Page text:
“I can’t believe she changed before you!” he said.
“I didn’t even know she had!” I chuckled.
Forrest laughed. “What did you think was happening?”
“I guess I didn’t think she’d change before me.” A pang of jealousy made my mouth twitch.
He smirked. “None of us did.”
I shoved him and he lost his balance for a split second, long enough for me to sprint down to the shore before he could retaliate.
My best friend stood with her toes in the water, her face towards the setting sun. Her red dress billowed behind her in the wind.
“Hey,” I murmured.
She turned around and beamed at me, her doe eyes wrinkled into tiny slits from the force of her grin.
I closed the space between us and hugged her tight. Her cheek rested against my chest as her head was swallowed by my arms.
“I hear your heartbeat,” she told me. I looked down at her. “I hear everything,” she whispered. Her eyes were wild now. “Everyone.”
“Already?” She nodded and grinned.
I looked up as Ephraim parted the crowd on the shore, making his barefoot way over to us.
“Why didn’t you tell me?” I whispered as we separated.
“I was busy dying.”
“I guess that would take up some time, huh?”
Abel stepped between us and took his daughter’s arm. Ephraim walked ahead of them, into the lake, until the water sloshed around his knees.
There were people already standing in the lake, waist-deep, shoulder to shoulder. A wall of red between us and the other side. Pant legs were rolled and skirts tied up as more people joined.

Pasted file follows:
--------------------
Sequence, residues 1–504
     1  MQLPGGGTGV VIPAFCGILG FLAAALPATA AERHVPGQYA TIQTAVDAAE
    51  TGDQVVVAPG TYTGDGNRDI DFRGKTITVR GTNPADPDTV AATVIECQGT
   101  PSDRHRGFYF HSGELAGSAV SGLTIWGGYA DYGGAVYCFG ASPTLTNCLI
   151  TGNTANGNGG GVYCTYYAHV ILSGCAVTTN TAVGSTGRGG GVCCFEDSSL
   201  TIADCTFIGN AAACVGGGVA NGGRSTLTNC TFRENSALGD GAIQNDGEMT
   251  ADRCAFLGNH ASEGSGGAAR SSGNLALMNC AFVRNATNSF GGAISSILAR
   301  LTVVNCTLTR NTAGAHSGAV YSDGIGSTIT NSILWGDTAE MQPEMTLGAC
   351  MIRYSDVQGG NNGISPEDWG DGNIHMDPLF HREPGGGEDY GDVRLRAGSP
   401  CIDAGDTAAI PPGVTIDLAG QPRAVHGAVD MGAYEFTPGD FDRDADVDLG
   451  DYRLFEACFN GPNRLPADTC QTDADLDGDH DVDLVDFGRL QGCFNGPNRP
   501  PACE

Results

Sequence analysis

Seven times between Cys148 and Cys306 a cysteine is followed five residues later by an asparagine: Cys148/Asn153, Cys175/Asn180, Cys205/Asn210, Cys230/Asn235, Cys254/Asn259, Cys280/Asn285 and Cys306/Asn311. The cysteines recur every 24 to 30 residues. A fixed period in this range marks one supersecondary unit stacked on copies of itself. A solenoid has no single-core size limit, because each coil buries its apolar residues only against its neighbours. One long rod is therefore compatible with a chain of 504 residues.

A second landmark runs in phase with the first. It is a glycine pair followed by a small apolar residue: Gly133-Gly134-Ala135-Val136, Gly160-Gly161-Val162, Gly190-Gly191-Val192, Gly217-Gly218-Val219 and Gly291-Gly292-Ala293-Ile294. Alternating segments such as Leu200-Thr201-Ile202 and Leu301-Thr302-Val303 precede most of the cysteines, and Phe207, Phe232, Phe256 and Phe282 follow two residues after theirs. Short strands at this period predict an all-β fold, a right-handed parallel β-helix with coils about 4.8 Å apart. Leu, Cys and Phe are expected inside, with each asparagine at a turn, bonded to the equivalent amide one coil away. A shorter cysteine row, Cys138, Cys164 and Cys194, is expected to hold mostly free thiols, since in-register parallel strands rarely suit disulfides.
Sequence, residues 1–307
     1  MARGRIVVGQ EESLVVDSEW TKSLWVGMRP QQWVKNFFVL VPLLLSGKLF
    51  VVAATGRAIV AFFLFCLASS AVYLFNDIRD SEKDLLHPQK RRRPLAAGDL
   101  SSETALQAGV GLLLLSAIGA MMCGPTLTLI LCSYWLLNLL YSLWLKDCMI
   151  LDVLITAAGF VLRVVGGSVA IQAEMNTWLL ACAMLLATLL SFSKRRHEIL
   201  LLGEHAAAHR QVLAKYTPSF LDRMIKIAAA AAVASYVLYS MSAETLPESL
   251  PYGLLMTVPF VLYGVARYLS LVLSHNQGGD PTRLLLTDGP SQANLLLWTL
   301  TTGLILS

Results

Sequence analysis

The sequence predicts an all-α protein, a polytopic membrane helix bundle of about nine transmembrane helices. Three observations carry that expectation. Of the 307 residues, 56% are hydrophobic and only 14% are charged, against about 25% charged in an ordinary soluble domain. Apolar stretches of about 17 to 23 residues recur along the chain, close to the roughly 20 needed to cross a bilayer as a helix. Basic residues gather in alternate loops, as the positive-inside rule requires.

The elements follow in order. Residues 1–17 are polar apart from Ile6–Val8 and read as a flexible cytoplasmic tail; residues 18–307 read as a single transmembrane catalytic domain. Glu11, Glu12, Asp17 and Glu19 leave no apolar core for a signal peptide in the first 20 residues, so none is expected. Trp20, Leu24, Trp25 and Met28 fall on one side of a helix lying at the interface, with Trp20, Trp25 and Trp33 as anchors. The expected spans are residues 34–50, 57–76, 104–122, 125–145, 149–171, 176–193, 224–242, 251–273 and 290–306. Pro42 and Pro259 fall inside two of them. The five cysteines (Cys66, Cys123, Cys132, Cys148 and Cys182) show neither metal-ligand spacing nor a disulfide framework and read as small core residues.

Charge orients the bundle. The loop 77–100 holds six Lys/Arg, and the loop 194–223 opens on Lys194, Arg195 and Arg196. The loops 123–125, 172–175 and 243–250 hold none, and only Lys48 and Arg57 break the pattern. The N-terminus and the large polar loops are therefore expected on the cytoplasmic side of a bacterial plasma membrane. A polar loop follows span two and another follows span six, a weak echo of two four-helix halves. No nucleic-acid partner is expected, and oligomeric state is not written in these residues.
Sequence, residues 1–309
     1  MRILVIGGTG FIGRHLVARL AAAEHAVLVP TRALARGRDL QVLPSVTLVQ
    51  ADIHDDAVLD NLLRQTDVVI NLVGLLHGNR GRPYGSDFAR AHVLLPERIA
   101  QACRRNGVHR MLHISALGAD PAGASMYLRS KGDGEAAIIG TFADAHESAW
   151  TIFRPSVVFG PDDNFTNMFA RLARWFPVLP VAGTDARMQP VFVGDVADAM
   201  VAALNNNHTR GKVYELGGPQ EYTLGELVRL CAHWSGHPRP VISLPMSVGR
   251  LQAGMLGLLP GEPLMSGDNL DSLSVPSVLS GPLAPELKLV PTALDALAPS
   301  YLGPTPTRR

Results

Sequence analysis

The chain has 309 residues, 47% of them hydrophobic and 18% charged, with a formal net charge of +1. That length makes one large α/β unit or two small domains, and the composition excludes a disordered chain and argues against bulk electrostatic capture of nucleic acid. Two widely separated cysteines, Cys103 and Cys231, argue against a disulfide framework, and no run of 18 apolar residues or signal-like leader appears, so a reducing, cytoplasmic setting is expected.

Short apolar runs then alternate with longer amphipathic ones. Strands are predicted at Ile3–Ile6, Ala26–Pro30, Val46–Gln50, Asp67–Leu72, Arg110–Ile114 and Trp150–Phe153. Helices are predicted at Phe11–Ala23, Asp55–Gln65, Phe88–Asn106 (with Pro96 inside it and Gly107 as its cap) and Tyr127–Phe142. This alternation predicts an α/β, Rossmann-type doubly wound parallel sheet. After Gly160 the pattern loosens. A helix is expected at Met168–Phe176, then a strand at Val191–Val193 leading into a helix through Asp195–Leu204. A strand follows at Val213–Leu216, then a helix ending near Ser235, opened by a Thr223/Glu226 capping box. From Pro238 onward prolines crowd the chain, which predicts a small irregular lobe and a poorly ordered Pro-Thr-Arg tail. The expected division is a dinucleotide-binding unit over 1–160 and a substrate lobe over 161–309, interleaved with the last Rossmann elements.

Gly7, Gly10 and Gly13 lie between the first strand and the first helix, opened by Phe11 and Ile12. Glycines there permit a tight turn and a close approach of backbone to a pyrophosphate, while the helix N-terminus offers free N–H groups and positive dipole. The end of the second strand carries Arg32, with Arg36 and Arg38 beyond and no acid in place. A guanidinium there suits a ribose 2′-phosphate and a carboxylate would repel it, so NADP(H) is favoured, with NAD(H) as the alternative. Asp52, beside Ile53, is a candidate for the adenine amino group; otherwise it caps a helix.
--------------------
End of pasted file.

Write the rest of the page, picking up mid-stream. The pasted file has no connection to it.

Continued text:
There was a buzzing today, more than usual at an awakening. But my sister Nova’s had been exciting, too. Mine would be.
If it ever happened.
I followed until I was ankle-deep. Mom took my left hand, Forrest, my right. I stood across the circle from Nova, like I always had.
Folded into the congregation, like I’d always been.
Abel held his daughter as she floated on the surface of the lake. Ephraim stood beside them, his hands hovering above Sparrow.
“We gather today for a special awakening. Sister Sparrow has joined the ranks of our Heavenly Father’s Chosen warriors. She is the second successor to the Elders, Chosen beyond measure.”
Two of three. I would be three. I had to be three.
“Today is the first day of eternity for her,” he continued. “Of eternity with this congregation. And with our Heavenly Father.” He held his hands up to the sky. “For the trumpet shall sound, and the dead shall be raised incorruptible, and we shall be changed.”